White House National Security Council spokesman: 'The government of North Korea has a long history of denying responsibility for destructive and provocative actions. If the North Korean government wants to help, they can admit their culpability and compensate Sony for the damages this attack caused' - @Reuters
North Korea vows to boost its nuclear capabilities saying hostile US plans to invade following a recommendation by UN member states on Thursday that North Korea be referred to the International Criminal Court for alleged human rights abuses - @Reuters
Sen. Marco Rubio, R-Fla., calls on President Obama to respond and 'undo the damage to freedom of speech' after Sony decides not to release 'The Interview' following attack; urges administration to put North Korea back on terror list - statement
US State Department spokesperson on whether they are considering putting North Korea on terror list: We reserve the right to use all necessary means to protect, defend our nation and interests - @mitchellreports
North Korea ( listen), officially the Democratic People's Republic of Korea (DPRK; Chosŏn'gŭl: 조선민주주의인민공화국; Chosŏn Minjujuŭi Inmin Konghwaguk), is a country in East Asia, in the northern part of the Korean Peninsula. The name Korea is derived from Goryeo (or Koryo), a name used by ancient and medieval kingdoms. The capital and largest city is Pyongyang. North Korea shares a land border with China to the north and north-west, along the Amnok (Yalu) and Tumen rivers. A small section of the Tumen River also forms North Korea's short border with Russia to the northeast. The Korean Demilitarized Zone marks the boundary between North Korea and South Korea. The legitimacy of this border is not accepted by either side, as both states claim to be the legitimate government of the entire peninsula.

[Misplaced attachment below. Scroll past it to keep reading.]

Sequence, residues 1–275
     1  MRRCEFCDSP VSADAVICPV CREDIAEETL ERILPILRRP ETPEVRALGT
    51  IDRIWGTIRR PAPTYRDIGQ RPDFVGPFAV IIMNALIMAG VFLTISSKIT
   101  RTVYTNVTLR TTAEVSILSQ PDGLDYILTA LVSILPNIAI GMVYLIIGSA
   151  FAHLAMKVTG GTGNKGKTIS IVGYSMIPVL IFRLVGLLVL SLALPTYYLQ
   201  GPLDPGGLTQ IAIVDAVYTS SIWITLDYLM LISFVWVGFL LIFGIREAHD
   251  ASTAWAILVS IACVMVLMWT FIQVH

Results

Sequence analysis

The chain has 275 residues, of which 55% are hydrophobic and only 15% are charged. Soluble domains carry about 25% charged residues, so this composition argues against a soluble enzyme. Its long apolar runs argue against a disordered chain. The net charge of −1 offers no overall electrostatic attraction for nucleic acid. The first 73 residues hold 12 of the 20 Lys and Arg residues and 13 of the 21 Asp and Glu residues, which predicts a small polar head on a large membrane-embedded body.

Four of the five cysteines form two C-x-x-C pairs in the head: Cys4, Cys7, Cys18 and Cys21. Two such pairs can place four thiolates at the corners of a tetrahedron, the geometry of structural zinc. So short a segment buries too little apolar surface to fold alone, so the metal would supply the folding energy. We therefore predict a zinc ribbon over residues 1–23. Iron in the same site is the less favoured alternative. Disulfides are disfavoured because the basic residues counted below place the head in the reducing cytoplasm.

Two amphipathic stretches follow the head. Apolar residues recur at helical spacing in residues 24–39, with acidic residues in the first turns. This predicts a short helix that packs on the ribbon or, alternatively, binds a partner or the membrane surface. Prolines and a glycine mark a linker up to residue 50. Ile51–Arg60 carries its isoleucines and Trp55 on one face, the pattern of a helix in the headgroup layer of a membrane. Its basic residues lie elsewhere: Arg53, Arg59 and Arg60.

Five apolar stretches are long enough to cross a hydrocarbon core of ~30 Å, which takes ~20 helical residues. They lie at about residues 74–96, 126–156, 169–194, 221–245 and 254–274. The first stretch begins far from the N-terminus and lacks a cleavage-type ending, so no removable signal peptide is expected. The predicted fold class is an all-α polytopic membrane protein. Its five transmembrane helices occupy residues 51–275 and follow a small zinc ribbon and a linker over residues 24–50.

Korea was annexed by the Empire of Japan in 1910. In 1945, when Japan was defeated in World War II, Korea was divided into two occupied zones, with the north occupied by the Soviet Union and the south by the United States. Negotiations on unification failed, and in 1948 two separate governments were formed: the Democratic People's Republic of Korea in the north, and the Republic of Korea in the south. The conflicting claims of sovereignty led to the Korean War in 1950. An armistice in 1953 committed both to a cease-fire, but the two countries remain officially at war because a formal peace treaty was never signed. Both states were accepted into the United Nations in 1991.
The DPRK officially describes itself as a socialist state and holds elections, but it is widely considered a dictatorship and has been described as totalitarian and Stalinist with an elaborate cult of personality around the Kim family. The Workers' Party of Korea, led by a member of the ruling family, holds power in the state and leads the Democratic Front for the Reunification of the Fatherland of which all political officers are required to be a member. Juche, an ideology of self-reliance initiated by the country's first President, Kim Il-sung, became the official state ideology, replacing Marxism–Leninism, when the country adopted a new constitution in 1972. In 2009, references to Communism (Chosŏn'gŭl: 공산주의) were removed from the country's constitution.
The means of production are owned by the state through state-run enterprises and collectivized farms, and most services such as healthcare, education, housing and food production are state funded or subsidized. In the 1990s North Korea suffered from a famine and continues to struggle with food production.
North Korea follows Songun, or "military-first" policy in order to strengthen the country and its government. It is the world's most militarized society, with a total of 9,495,000 active, reserve, and paramilitary personnel. Its active duty army of 1.21 million is the 4th largest in the world, after China, the U.S., and India. It is a nuclear-weapons state and has an active space program. As a result of its isolation, it is sometimes known as the "hermit kingdom".